Earlier this June, news broke that a Japanese designer by the name of Masayuki Ino, founder of fashion label, doublet, nabbed the prestigious LVMH Prize for emerging designers — this marks the first Asian designer to be recognised by the award. The 14-strong jury, which included fashion luminaries such as the designer Karl Lagerfeld, Nicholas Ghesquiere, Marc Jacobs, and Maria Grazia Chiuri justified the decision, saying that Ino's work responds to the current fashion landscape that is heavily influenced by social media.
On his win, Ino thinks that his nationality did not matter. When asked if his win might pave a way for more Asian designers to be recognised, he objected. "We are all on the same path," says Ino, referring to both Western and Asian fashion designers.
While reports have cited that Ino's win was attributed to his knack for tuning into the current fashion landscape unfolding on social media, Ino thinks otherwise. "For doublet, it is not so much about social media. And Instagram is not so important to me, neither do I get influenced by it," Ino explains. For doublet, his clothes are more about reinventing the quotidian clothes that he personally wears — T-shirts, jeans, down jackets, sweatpants and so on — with a touch of humour, fun, and sometimes nostalgia. They come in the form of a massive sling bag deceptively shaped to look like a flat, skateboard, sweatpants made in customised fabric such that the wearer looks as if he were wrapped in hamburger foil, lenticular fabrics that reveal two images when viewed from different angles, and tin cans containing high-pressure compressed T-shirts which customers have to add water to unfold — similar to the squashed towels that one buys from Muji.
Yet, he agreed that the reigning culture of fashion is indeed unfolding on Instagram, especially in Japan. To him, the locals are getting their dose of fashion trends and news from Instagram, which has been a driving force that has come to define the current state of fashion in Japan.
The 39-year-old Japanese designer is a tall, lanky man with a frazzled head of long hair tied back in a ponytail. He walks with an air of calm around him, and is soft spoken. Yet, the subject of Instagram and its impacts on the homogenous fashion landscape in Japan ruffled him. "Because of social networks like Instagram, people can get so much information. And the Japanese they can tap into so many fashion styles so easily — be it celebrities from the US or other parts of the world," says Ino. "I think it's quite a dangerous attitude and direction that people can get influenced so easily by the information they get from social media."
To him, the Japanese man now looks exactly like the man strutting down a New York or Los Angeles street, and this global homogeneity may not necessarily be a good thing. It is, after all, a Western streetwear style, and not one that is unique to, or one that speaks of contemporary Japanese society.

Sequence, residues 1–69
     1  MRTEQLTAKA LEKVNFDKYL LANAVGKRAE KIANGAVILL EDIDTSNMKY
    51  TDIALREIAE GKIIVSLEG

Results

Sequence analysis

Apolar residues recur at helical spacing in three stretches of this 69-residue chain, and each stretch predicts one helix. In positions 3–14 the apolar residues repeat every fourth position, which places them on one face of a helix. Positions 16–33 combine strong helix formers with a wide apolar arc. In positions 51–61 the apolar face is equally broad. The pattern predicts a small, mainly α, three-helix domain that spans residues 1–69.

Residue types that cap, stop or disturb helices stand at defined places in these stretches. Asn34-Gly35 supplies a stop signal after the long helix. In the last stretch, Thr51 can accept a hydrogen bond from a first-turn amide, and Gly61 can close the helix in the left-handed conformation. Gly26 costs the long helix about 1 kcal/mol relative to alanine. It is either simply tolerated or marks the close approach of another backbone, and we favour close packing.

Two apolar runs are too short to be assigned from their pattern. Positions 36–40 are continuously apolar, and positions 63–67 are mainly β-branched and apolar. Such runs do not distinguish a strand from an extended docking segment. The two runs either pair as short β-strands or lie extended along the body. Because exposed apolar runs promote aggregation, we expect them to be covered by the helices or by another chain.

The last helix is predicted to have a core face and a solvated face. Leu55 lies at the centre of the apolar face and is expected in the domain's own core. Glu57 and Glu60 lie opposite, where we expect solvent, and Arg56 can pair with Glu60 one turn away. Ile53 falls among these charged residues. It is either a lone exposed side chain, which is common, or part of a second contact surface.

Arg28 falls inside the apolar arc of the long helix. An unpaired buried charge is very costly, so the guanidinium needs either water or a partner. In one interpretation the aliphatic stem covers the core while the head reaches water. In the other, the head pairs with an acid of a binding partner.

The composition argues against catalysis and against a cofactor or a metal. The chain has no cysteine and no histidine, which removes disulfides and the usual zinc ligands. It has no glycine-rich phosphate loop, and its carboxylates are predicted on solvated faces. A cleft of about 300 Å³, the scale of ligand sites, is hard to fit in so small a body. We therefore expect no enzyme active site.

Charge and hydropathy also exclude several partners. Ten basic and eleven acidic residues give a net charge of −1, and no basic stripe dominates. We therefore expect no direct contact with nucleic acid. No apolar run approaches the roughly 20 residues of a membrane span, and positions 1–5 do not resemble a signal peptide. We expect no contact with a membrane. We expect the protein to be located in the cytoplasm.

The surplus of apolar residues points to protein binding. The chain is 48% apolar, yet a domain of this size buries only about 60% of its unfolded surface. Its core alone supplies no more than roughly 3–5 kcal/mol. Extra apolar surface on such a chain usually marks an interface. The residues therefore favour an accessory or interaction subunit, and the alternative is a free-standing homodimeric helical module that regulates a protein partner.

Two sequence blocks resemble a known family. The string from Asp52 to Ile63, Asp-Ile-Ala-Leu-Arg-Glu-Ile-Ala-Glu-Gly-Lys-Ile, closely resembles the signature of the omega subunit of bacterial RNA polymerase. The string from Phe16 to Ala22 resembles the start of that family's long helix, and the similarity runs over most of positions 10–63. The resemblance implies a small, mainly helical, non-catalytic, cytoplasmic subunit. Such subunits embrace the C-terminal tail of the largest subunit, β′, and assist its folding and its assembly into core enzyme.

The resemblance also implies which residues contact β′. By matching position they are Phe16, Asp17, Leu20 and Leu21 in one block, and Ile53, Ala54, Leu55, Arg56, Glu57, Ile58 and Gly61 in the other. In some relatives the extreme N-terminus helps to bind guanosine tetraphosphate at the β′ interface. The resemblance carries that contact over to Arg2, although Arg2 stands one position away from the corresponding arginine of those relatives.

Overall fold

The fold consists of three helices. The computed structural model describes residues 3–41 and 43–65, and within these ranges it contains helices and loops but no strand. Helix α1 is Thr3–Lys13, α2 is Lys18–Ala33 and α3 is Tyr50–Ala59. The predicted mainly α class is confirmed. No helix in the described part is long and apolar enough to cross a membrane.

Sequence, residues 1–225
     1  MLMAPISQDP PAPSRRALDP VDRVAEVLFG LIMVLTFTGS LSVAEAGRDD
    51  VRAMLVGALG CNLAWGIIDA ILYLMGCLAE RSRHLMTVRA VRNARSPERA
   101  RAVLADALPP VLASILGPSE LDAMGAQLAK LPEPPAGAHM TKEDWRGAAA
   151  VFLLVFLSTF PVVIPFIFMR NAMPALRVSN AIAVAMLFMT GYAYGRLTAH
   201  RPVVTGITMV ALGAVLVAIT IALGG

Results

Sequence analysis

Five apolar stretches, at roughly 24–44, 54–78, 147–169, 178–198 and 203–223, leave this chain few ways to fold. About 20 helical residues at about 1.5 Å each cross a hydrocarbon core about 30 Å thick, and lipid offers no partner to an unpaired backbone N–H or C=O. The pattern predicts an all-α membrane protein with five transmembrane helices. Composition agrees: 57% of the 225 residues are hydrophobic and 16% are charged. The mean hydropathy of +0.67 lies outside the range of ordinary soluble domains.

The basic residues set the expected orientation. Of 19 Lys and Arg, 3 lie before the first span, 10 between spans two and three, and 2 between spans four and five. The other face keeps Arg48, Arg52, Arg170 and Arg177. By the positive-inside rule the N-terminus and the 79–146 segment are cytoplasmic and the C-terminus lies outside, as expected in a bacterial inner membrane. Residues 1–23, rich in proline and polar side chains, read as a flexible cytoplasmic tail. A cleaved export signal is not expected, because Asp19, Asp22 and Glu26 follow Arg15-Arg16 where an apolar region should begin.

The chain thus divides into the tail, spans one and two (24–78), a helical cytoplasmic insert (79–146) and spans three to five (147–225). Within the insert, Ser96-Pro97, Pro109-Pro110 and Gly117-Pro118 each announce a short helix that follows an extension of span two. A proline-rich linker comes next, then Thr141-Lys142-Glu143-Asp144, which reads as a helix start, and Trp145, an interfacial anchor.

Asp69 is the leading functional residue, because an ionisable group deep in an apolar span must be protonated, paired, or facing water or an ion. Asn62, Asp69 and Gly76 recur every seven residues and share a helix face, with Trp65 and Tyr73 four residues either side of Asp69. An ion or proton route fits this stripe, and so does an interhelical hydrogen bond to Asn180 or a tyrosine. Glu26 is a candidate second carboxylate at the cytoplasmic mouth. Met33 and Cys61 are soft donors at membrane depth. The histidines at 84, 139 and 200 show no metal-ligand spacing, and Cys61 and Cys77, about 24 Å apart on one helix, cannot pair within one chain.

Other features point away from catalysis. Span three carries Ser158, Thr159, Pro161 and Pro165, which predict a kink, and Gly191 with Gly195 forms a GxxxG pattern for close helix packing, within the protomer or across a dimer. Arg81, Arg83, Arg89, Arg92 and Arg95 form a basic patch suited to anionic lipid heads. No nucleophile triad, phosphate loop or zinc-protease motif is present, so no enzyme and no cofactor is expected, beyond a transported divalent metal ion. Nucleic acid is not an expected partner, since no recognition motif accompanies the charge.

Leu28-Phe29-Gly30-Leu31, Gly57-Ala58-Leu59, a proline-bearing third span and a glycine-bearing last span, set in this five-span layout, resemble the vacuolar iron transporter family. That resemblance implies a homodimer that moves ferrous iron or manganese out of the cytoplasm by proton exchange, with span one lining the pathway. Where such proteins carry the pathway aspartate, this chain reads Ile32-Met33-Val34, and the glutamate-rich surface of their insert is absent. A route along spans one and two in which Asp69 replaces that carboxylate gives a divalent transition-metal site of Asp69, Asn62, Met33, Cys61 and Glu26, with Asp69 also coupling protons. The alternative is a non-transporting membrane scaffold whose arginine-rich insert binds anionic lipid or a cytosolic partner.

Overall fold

Ino calls back to the early 1970s in Japan, "At that time, vintage clothing was very popular in Japanese fashion." It was a huge movement which stemmed from the airings of American television dramas, and it challenged some deep-seated cultural values and societal status quo. "To be honest, Japanese didn't like to wear second-hand clothes back then. But after the big movement, from the television drama series, I think people started wearing vintage clothes," he recalls. The movement earned the name "Amekaji," which is translated to mean American casual wear. It contributed to local Japanese fashion culture today, where vintage stores are rampant and designers such as Ino himself, still draw inspiration from.
Later, in the '80s, "people moved into more stylish clothing like black suits," Ino quips. The movement was largely powered by a wave of Japanese designers who made a splash in Paris — amongst them, Yohji Yamamoto, Issey Miyake and Rei Kawakubo of Comme des Garcons. While their fashion vocabulary was considered avant-garde, challenging the hierarchies of high fashion, the latter's work was largely likened to a canon for gender neutralisation and equality, especially for women.
Fast-forward to the 2000s, Ino notes that Japanese fashion spoke strongly about minimalism — clean, pared-back, basic and functional clothes. It was an influential movement that coursed through Western countries in the decade that followed. "The trend at that time was super basic," Ino recalls as he laughs. "But it was so boring, so boring!"
And today, the current fashion zeitgeist in Japan mimics the Western streetwear culture that is on Instagram. The danger of this situated is not only found in the fickle-mindedness and gullibility of people in general, but the identity of Japanese fashion. If the current state of Japanese fashion were borrowed from the Americans, then what is contemporary Japanese fashion?
It could be down to the current crop of fashion designers like Ino to actively redefine this.
Ino explains that he speaks his own fashion language, and has never quite subscribed to these influential Japanese movements, save for the Ame-kaji and Japanese avant-garde period. In his younger days, he wore shirts with dinosaur-like spikes jutting out from the back, Ino recalls as he pulls up a picture on his iPhone and dishes it over. It looked crazy, but it made heads turn, drawing laughter or cynicism from passers-by. It made the wearer feel alive and excited, it was humorous, and to him, it is how Japanese fashion should be.
Subscribe to our newsletter